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Norfolk and its estuary constitute a major US seaport, so let’s linger here for this post.  I’ve been there three times, and only once was it clear.

Besides military docks, it has a number of terminals.  for this latter, here‘s a schedule;  Notice it shows CMA CGM Marco Polo arriving here at 1300 on May 23. 

Clayton W. Moran is a 2016 launched 6000 hp tugboat, just a bit newer than the four 6000s in the sixth boro.

Compared with the sixth boro, notice that you see many of the same companies working in Norfolk, and many of the same vessels, including container ships tugboats.  Choptank is a 2006 Louisiana-built Vane 4200 hp boat.

The sixth boro has quite a Norfolk tugs fleet, but I suspect Ellie J, 1968 and 1800 hp, has never called up here.

I can’t tell you much about Dauntless II.

Emily Anne McAllister is a 2003 4650 hp tugboat.

Gold Coast is a 1967 1000 hp tugboat that has worn Dann Marine colors since 2005.

Captain Mac is a Corman Marine Construction tug built in 1980 and rated at 700 hp.

Steven McAllister is one of a dozen or so McAllister converted YTBs.  Built in 1963 and significantly repowered in 2007, she brings 4000 hp to ship assists.  She’s pretty much identical to Ellen McAllister.

Elizabeth Ann is part of the Norfolk Dredging fleet;  she’s from 1982 and is rated at 3000 hp.

Ocean Endeavor is from 1966, 1000 hp, and has left saltwater for Milwaukee, where she’s now Ruth Lucille.

Paradise Creek (1981) once worked in the sixth boro as Caspian Sea and before that (and before my time) was here as Sea Tiger.  Currently, it has been sold out of the Vane fleet and is known as Emmy Lou.

Maxwell Paul Moran is a 6000 hp, likely quite similar to Clayton W above.

All photos, WVD.

 

I’ve traveled the ICW from Charleston SC to NYC, some parts several times.  This is a “revisit”  focusing solely on tugboats. I’ll start in Charleston with Elizabeth Turecamo in the fog.

Recycling comments on the boats below from Georgetown SC, by George Schneider:  “The little one shows the name Laura , which has one of two possible origins: A 45-foot tug by the Equitable Equipment Company of Louisiana, or a 45-foot Army dredge tender of Army Design 320, mirroring the Equitable design. I’m guessing she’s ON 1060493, originally the Army ST 2051, then the Army Corps Fort  Brooke , and now owned by Sampit Towing of Charleston SC.”

And by William Lafferty: “I’m thinking the larger tug is Susan Richards, built in 1909 by the Fore River Shipbuilding Corporation at Quincy, Massachusetts, as the Gen. R. H. Jackson for the Army Quartermaster Corps and stationed at Jacksonville, Florida, later named Fort Sumter and Three Bros. It’s owned by Richards Marine Towing at McClennanville, South Carolina, and has been a fixture at Charleston for decades, originally run by White Stack Towing there.”

Thx George and William.

Crossing the border north to North Carolina, my next stop is Southport, where Sea Oak was working on a dredge project.

And after that, it’s Wilmington and Cape Henry.

The next batch is from Morehead City NC.  Atlantic Dawn was working on a dredging project there.

Na Hoku was there also, formerly a K-Sea boat. She currently works out of Jacksonville.

Liz Alma was too.  

Morehead City is the deep water export center for potash, mined farther north in Aurora.  Grace Moran then waited at the dock.  Is she still around?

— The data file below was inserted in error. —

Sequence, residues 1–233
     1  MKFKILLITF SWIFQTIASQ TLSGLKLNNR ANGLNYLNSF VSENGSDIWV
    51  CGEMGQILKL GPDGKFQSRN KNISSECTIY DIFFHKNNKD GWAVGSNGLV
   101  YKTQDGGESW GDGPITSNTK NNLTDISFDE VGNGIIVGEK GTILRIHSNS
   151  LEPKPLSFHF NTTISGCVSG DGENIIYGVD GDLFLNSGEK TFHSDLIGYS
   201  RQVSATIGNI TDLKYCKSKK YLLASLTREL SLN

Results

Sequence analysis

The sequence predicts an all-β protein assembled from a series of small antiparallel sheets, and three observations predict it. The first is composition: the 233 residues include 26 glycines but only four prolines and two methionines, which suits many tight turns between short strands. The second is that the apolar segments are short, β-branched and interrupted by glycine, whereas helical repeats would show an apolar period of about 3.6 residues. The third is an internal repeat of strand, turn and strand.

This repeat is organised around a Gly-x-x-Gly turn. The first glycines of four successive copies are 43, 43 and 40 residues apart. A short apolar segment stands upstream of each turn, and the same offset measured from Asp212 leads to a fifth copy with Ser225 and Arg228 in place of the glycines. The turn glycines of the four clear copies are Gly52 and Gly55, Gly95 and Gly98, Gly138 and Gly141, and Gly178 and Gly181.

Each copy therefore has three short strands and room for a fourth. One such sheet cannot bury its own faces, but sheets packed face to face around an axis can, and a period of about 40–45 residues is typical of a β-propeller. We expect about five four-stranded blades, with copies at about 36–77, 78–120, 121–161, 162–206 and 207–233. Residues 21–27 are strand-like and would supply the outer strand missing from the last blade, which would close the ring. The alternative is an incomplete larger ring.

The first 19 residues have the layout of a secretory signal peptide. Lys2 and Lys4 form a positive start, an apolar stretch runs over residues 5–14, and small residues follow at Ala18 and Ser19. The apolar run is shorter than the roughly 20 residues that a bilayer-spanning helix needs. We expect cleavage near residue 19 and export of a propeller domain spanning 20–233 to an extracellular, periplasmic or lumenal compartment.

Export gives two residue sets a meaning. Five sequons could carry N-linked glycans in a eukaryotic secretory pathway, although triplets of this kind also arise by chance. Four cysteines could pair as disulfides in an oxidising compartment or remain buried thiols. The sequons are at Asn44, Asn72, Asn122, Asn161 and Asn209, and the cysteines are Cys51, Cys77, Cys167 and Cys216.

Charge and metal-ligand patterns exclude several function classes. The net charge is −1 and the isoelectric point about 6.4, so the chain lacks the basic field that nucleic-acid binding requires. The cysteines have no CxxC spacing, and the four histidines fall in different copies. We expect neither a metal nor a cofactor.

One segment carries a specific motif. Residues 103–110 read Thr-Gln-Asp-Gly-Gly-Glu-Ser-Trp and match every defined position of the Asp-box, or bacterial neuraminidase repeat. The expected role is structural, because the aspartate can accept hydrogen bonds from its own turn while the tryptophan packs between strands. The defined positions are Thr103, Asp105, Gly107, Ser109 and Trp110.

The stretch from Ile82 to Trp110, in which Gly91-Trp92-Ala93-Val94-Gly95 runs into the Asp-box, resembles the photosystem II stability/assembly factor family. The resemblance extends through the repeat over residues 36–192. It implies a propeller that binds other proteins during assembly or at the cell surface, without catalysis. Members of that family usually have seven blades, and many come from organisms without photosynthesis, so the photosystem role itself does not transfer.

Beaufort Belle, then PSC Phosphate, is now Norfolk tug.  Has she been repainted?

Peter G. Turecamo appears still to be working in Morehead City.

Clearly marked here in Norfolk are Miss Willa, Nancy McAllister, and McAllister Sisters.  Second from the left might be Steven Eileen McAllister.

Jack T. Moran was just a year old back ion 2017.

Thunder is one of a trio of Robbins Maritime small tugs with meteorological names:  Thunder, Lightning, and Storm.

Camie  is also a Robbins Maritime boat.

Anne Jarrett is another Norfolk Tug vessel.  It resembles a Vane tug, and at least two former Vane boats are now with Norfolk Tugs:  ex-Patapsco and Sassafras.

All photos, WVD.  The * denotes that most but not all photos were taken in May 2017.  It’s high time I take another trip along the ICW to see what has changed.  And we still have more from Norfolk to the sixth boro.

 

Yes . . . I’ve been off wifi and away from the sixth boro, sometimes admiring images like the one below.  I’m back now and have more photos from July 2010 to revisit the Piscataqua, and a watershed where I canoed, kayaked, and just generally roamed from 1986 until 2000, along with some hiatuses out of the country.

A fixture in Portsmouth NH is the Moran fleet on Ceres Street.

L to R back in July 2010 are Mary M Coppedge, Carly A. Turecamo, and Eugenia Moran.  Mary M Coppedge, 1975 and 95′ x 30′ and 3200 hp is still in service.  Eugenia Moran 1966 and 102′ x 28′ and single screw 2875 hp and built at Jakobson  is “laid up.”   Carly A. Turecamo, 1966 and 98′ x 30′ and single screw at 2200 hp is now Marjorie Winsow.

Sakonnet . . . based in Gosport  . . . is a mystery to me.  This photo was taken in Portsmouth.

Portsmouth Navy Yard (PSNY) in the Picataqua has been active since 1800, the presidency of John Adams, making it the oldest continuously operated USN shipyard.   YTB 771 aka Keokuk, 109′ x 31′ was commissioned in 1964. Some other YTBs that have been featured on this blog can be found here.  The sixth boro’s staple ex-YTB is Ellen McAllister.

YTL 602 aka Cocheco was commissioned in 1945.

Nose-to nose with YTL 602 is a tug I can’t identify.  It’s much newer and has lots of fendering below the waterline, an adaptation for working with submarines, which is PNSH’s specialty.

By this article, the mystery tug and the one below are both LT-65 tugs, although that seems impossible to me.

Sir William Pepperell appears to be a launch named for a Colonial merchant from Kittery ME, right across the Piscataqua.  Click here to read a 1924 published book about  Pepperell and two friends written by John Francis Sprague.

Two USCG cutters in the harbor that day were Reliance and

Campbell.

And of course . . . there were lobster boats galore.

 

I have not been back in since 2017, when I went to see the new Moran tug San Jose. It’s high time for a revisit.  A memorable canoe trip I took there was  . . . early 1990s on the Great Bay, starting in Newmarket and eventually losing the tide.